With contributions from an internationally-renowned group of experts, this book uses a multidisciplinary approach to review recent developments in the field of smart sensor systems, covering important system and design aspects. It examines topics over the whole range of sensor technology from the theory and constraints of basic elements, physics and electronics, up to the level of application-orientated issues.
Developed as a complementary volume to ‘Smart Sensor Systems’ (Wiley 2008), which introduces the basics of smart sensor systems, this volume focuses on emerging sensing technologies and applications, including:
- State-of-the-art techniques for designing smart sensors and smart sensor systems, including measurement techniques at system level, such as dynamic error correction, calibration, self-calibration and trimming.
- Circuit design for sensor systems, such as the design of precision instrumentation amplifiers.
- Impedance sensors, and the associated measurement techniques and electronics, that measure electrical characteristics to derive physical and biomedical parameters, such as blood viscosity or growth of micro-organisms.
- Complete sensor systems-on-a-chip, such as CMOS optical imagers and microarrays for DNA detection, and the associated circuit and micro-fabrication techniques.
- Vibratory gyroscopes and the associated electronics, employing mechanical and electrical signal amplification to enable low-power angular-rate sensing.
- Implantable smart sensors for neural interfacing in bio-medical applications.
- Smart combinations of energy harvesters and energy-storage devices for autonomous wireless sensors.
Smart Sensor Systems: Emerging Technologies and Applications will greatly benefit final-year undergraduate and postgraduate students in the areas of electrical, mechanical and chemical engineering, and physics. Professional engineers and researchers in the microelectronics industry, including microsystem developers, will also find this a thorough and useful volume.
About the Editors xi
List of Contributors xiii
1 Smart Sensor Design 1
1.1 Introduction 1
1.2 Smart Sensors 2
1.3 A Smart Temperature Sensor 5
1.4 A Smart Wind Sensor 8
1.5 A Smart Hall Sensor 11
1.6 Conclusions 14
2 Calibration and Self-Calibration of Smart Sensors 17
2.1 Introduction 17
2.2 Calibration of Smart Sensors 18
2.3 Self-Calibration 27
2.4 Summary and Future Trends 38
3 Precision Instrumentation Amplifiers 42
3.1 Introduction 42
3.2 Applications of Instrumentation Amplifiers 43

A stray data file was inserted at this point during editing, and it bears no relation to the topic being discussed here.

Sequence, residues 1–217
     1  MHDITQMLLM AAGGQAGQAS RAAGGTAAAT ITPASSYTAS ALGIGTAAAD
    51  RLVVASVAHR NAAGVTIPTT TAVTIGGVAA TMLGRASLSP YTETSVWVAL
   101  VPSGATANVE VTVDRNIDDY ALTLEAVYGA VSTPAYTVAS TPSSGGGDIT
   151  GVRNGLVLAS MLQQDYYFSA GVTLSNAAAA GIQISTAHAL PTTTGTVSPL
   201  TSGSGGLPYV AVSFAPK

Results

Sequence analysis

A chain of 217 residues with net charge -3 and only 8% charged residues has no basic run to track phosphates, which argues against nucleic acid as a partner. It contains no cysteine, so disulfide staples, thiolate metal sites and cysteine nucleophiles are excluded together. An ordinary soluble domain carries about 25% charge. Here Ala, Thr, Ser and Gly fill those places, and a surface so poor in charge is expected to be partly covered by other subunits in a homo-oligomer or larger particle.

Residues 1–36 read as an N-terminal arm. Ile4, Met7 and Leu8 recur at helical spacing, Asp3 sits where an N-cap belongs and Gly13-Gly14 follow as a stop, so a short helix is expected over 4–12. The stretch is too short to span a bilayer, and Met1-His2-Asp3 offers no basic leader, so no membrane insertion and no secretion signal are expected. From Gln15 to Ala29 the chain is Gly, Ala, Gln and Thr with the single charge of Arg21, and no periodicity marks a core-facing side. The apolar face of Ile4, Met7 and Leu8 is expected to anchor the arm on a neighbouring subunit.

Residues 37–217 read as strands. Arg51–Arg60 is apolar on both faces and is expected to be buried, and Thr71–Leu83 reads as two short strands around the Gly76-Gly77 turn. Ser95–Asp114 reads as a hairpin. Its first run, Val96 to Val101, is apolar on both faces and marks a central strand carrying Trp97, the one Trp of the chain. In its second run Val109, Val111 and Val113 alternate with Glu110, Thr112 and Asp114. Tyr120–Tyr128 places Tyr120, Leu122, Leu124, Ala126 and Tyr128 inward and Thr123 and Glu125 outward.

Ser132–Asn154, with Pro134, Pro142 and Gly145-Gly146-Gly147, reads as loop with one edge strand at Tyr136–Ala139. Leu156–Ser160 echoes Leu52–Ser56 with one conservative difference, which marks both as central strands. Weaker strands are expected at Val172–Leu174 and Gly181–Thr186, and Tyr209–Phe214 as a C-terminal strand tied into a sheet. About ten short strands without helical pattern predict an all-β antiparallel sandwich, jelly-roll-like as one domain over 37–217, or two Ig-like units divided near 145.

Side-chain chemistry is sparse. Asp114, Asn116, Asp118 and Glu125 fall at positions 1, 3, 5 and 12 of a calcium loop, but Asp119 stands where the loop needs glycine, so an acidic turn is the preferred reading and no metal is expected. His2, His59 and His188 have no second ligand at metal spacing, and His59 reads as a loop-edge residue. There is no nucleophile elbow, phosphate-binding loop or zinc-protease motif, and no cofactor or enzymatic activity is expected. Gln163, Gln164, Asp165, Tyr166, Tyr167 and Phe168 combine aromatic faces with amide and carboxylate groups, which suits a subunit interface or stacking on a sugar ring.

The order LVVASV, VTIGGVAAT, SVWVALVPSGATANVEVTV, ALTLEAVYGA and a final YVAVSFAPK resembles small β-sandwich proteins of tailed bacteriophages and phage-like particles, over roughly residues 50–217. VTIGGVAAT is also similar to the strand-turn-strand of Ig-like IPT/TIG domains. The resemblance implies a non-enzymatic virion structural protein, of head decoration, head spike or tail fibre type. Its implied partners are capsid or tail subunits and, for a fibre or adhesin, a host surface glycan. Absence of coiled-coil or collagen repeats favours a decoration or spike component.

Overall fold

3.3 Three-OpAmp Instrumentation Amplifiers 44
3.4 Current-Feedback Instrumentation Amplifiers 46
3.5 Auto-Zero OpAmps and InstAmps 48
3.6 Chopper OpAmps and InstAmps 52
3.7 Chopper-Stabilized OpAmps and InstAmps 56
3.8 Chopper-Stabilized and AZ Chopper OpAmps and InstAmps 62
3.9 Summary and Future Directions 65
4 Dedicated Impedance-Sensor Systems 68
Gerard Meijer, Xiujun Li, Blagoy Iliev, Gheorghe Pop, Zu-Yao Chang, Stoyan Nihtianov, Zhichao Tan, Ali Heidari and Michiel Pertijs
4.1 Introduction 68
4.2 Capacitive-Sensor Interfaces Employing Square-Wave Excitation Signals 71
4.3 Dedicated Measurement Systems: Detection of Micro-Organisms 78
4.4 Dedicated Measurement Systems: Water-Content Measurements 83
4.5 Dedicated Measurement Systems: A Characterization System for Blood Impedance 89
4.6 Conclusions 97
5 Low-Power Vibratory Gyroscope Readout 101
Chinwuba Ezekwe and Bernhard Boser
5.1 Introduction 101
5.2 Power-Efficient Coriolis Sensing 101
5.3 Mode Matching 108
5.4 Force Feedback 119
5.5 Experimental Prototype 133
5.6 Summary 142
6 Introduction to CMOS-Based DNA Microarrays 145
6.1 Introduction 145
6.2 Basic Operation Principle and Application of DNA Microarrays 146
6.3 Functionalization 149
6.4 CMOS Integration 150
6.5 Electrochemical Readout Techniques 153
6.6 Further Readout Techniques 165
6.7 Remarks on Packaging and Assembly 169
6.8 Concluding Remarks and Outlook 169
7 CMOS Image Sensors 173
7.1 Impact of CMOS Scaling on Image Sensors 173
7.2 CMOS Pixel Architectures 175
7.3 Photon Shot Noise 180
7.4 Analog-to-Digital Converters for CMOS Image Sensors 181
7.5 Light Sensitivity 184
7.6 Dynamic Range 186
7.7 Global Shutter 187
7.8 Conclusion 188
8 Exploring Smart Sensors for Neural Interfacing 190
Tim Denison, Peng Cong and Pedram Afshar
8.1 Introduction 190
8.2 Technical Considerations for Designing a Dynamic Neural Control System 192
8.3 Predicate Therapy Devices Using Smart-Sensors in a Dynamic Control Framework: Lessons Derived from Closed-Loop Cardiac Pacemakers 195
8.4 The Application of "Indirect" Smart Sensing Methods: A Case Study of Posture Responsive Spinal Cord Stimulation for Chronic Pain 198
8.5 Direct Sensing of Neural States: A Case Study in Smart Sensors for Measurement of Neural States and Enablement of Closed-Loop Neural Systems 207
8.6 Future Trends and Opportunities for Smart Sensing in the Nervous System 231
9 Micropower Generation: Principles and Applications 237
Ruud Vullers, Ziyang Wang, Michael Renaud, Hubregt Visser, Jos Oudenhoven and Valer Pop
9.1 Introduction 237
9.2 Energy Storage Systems 240
9.3 Thermoelectric Energy Harvesting 246
9.4 Vibration and Motion Energy Harvesting 253
9.5 Far-Field RF Energy Harvesting 262
9.6 Photovoltaic 268
9.7 Summary and Future Trends 268
Gerard Meijer Delft University of Technology, SensArt, Delft, The Netherlands.
Michiel Pertijs Delft University of Technology, The Netherlands.